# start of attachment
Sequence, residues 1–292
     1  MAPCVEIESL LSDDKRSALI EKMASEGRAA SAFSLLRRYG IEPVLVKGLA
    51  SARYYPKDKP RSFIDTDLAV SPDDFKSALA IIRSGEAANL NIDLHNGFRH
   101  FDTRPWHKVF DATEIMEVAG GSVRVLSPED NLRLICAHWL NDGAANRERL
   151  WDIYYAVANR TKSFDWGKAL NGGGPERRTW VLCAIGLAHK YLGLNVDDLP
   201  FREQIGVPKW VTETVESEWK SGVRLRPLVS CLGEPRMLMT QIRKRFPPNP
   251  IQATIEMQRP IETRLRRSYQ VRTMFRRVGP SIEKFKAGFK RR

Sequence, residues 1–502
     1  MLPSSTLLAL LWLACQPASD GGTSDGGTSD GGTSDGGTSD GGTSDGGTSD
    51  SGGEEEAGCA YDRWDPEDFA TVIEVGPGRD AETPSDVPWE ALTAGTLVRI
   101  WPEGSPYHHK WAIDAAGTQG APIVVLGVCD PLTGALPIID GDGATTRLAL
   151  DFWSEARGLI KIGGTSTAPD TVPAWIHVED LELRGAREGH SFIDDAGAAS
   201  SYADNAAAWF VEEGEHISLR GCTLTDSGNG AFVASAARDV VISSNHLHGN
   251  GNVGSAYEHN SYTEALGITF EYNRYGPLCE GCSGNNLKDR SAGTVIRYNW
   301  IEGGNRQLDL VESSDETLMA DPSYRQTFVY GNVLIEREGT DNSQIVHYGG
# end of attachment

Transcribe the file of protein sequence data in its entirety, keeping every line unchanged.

Sequence, residues 1–292
     1  MAPCVEIESL LSDDKRSALI EKMASEGRAA SAFSLLRRYG IEPVLVKGLA
    51  SARYYPKDKP RSFIDTDLAV SPDDFKSALA IIRSGEAANL NIDLHNGFRH
   101  FDTRPWHKVF DATEIMEVAG GSVRVLSPED NLRLICAHWL NDGAANRERL
   151  WDIYYAVANR TKSFDWGKAL NGGGPERRTW VLCAIGLAHK YLGLNVDDLP
   201  FREQIGVPKW VTETVESEWK SGVRLRPLVS CLGEPRMLMT QIRKRFPPNP
   251  IQATIEMQRP IETRLRRSYQ VRTMFRRVGP SIEKFKAGFK RR

Sequence, residues 1–502
     1  MLPSSTLLAL LWLACQPASD GGTSDGGTSD GGTSDGGTSD GGTSDGGTSD
    51  SGGEEEAGCA YDRWDPEDFA TVIEVGPGRD AETPSDVPWE ALTAGTLVRI
   101  WPEGSPYHHK WAIDAAGTQG APIVVLGVCD PLTGALPIID GDGATTRLAL
   151  DFWSEARGLI KIGGTSTAPD TVPAWIHVED LELRGAREGH SFIDDAGAAS
   201  SYADNAAAWF VEEGEHISLR GCTLTDSGNG AFVASAARDV VISSNHLHGN
   251  GNVGSAYEHN SYTEALGITF EYNRYGPLCE GCSGNNLKDR SAGTVIRYNW
   301  IEGGNRQLDL VESSDETLMA DPSYRQTFVY GNVLIEREGT DNSQIVHYGG